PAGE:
How Using the Internet and Digital Devices Can Make You Stupid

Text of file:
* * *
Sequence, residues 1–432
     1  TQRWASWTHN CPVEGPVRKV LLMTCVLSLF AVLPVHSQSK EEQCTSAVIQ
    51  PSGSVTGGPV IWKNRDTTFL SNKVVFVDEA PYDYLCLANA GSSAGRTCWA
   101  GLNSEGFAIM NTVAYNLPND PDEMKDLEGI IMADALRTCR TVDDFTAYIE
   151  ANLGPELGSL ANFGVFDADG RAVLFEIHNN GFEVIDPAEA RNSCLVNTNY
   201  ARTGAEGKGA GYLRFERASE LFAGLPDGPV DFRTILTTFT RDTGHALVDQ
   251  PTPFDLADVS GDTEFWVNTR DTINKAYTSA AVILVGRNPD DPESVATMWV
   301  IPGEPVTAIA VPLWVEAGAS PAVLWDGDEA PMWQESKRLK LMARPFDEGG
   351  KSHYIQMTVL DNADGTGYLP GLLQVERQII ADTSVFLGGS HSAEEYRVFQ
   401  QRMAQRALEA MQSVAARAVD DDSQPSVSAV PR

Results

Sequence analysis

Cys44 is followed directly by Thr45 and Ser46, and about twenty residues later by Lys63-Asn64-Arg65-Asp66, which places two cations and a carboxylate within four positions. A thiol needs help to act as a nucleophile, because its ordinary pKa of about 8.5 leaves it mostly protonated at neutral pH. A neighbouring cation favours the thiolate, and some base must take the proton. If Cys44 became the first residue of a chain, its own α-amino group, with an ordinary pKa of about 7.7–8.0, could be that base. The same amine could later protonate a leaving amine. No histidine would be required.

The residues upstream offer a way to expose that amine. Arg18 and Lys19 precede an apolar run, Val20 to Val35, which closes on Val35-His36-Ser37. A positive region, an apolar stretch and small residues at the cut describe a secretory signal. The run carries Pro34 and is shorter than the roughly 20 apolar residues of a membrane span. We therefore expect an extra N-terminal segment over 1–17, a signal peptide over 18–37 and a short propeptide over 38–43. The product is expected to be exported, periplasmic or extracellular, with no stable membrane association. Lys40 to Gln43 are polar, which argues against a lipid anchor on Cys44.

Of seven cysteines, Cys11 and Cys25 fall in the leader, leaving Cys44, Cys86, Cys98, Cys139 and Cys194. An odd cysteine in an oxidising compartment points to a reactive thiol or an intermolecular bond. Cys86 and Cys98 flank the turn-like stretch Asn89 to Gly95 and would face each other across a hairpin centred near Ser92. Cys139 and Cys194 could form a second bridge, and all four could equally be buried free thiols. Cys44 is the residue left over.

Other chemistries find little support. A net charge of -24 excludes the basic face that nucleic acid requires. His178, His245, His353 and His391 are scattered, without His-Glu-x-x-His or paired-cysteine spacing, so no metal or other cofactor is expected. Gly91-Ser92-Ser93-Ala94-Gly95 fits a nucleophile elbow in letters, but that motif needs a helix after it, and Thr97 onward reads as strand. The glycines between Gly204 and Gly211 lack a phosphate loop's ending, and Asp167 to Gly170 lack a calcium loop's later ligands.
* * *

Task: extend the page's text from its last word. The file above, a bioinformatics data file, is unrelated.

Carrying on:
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With the advent of the internet, studies have shown that people who spend time using the internet are having the neural pathways in their brain altered. BottomLine Personal writer, Nichols Carr, reported that UCLA psychology professor, Gary Small, MD, “showed that spending one hour per day on the Internet for just one week alters our neural pathways. That neural rewiring could have unfortunate consequences.” This article went on to say that, “When we read online, words are not the only information coming at us. There usually are eye-catching advertisements alongside the text and hyperlinks in the text in case we wish to jump to different Web pages on related topics. We might have our e-mail program open and a Facebook feed too, alerting us each time a new message arrives. Even a printed book, when transferred to an electronic device connected to the Internet, turns into something very much like a Web site, with links and other digital enhancements.” These are good points to consider when using the internet for your job search. Dr. Small reported that “These distractions don’t just slow our reading, they also make it less likely that we will understand and retain new knowledge.” What does this mean to the millions of us who access the internet hour by hour and minute by minute? It means that our brains are being conditioned to think in a different pattern. This pattern could cause our ability to maintain our focus and be more creative, to actually shrink. This effect doesn’t just come from the internet that we view on our desktops and our laptops. It also comes from other devices we use, like Smartphones, eReaders, and the dashboards of the cars and trucks that we drive. As the author states, this trend will only pick up speed in the years to come. For those of us who are on the internet a good portion of our day, Carr makes some solid suggestions to minimize the negative effects. “When you wish to give your full attention to online or eReader text, close your e-mail program, your Facebook page and any other competing information feeds on the screen. Also, use software and settings that minimize interruptions. Free, easy-to- use programs such as Instapaper Text and Readability strip away most, though not all, of the distractions from Web sites, leaving mostly straight forward text. You can also use the Safari 5 Web browser, which has a “Reader” button in the address field that works similarly.” One last tip which Carr offers is that when you spend time with other people, especially your friends and family, the best way to stay focused is just turn the device off. So now you have some excellent insights into how to use the Internet and while not letting it abuse you. Tom Borg is president of Tom Borg Consulting, LLC. He is a business consultant, speaker, coach and author. Please see more of his blogs on collegejobbank blog. You can view additional job postings on Nexxt.

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